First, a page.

Insect Colonization and Mass Production

Insect Colonization and Mass Production

1st Edition - January 1, 1966

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  • Editor: Carroll Smith
  • eBook ISBN: 9780323144117

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Insect Colonization and Mass Production reviews the great strides that have been made in the colonization and mass production of insects, including the methods used in rearing representative species and the general principles of nutrition and management that can be applied to the colonization of other species. The book highlights some of the notable successes in mass production and some examples of groups in which the difficulties inherent in laboratory rearing have not yet been overcome. Organized into five sections encompassing 39 chapters, this book begins with an overview of research in entomology that is facilitated by the availability of thriving insect colonies, along with the possibility of controlling insects directly by utilizing the insects, themselves, or by utilizing products derived from insects. Each chapter contains some historical background, as well as a description of the most efficient methods of production. Some chapters are concerned with only a single species, serving as an example of its taxonomic group, and to a lesser extent of other insects with similar nutritional and environmental requirements. Other chapters discuss rearing methods for entire groups of species that share common requirements. Insects covered by the book range from lice and ticks to fleas, flies, moths, yellow fever mosquitoes, and different species of worms. This book will be of interest to entomologists as well as students involved in insect physiology, behavior, and genetics.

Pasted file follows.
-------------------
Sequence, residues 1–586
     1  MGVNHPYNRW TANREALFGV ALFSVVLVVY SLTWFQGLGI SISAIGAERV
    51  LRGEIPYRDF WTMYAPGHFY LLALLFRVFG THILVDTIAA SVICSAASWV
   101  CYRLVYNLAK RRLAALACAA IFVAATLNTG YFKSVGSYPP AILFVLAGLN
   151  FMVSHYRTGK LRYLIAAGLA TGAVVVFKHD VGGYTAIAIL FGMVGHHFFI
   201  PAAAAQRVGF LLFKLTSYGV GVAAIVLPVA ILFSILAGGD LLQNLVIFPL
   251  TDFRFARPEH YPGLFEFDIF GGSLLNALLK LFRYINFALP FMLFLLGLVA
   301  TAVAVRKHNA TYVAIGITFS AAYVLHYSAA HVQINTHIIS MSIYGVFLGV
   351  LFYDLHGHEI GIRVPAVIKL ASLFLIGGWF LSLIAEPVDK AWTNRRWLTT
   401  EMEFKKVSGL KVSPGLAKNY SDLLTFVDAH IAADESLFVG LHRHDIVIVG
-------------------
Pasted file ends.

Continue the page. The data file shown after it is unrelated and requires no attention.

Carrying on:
Table of Contents

  • List of Contributors


    1. Introduction

    I. Use of Insect Colonies to Facilitate Research in Entomology

    II. Use of Colonized Insects to Develop Methods of Control

    III. Mass Rearing of Insects for Use in Control

    IV. Conclusions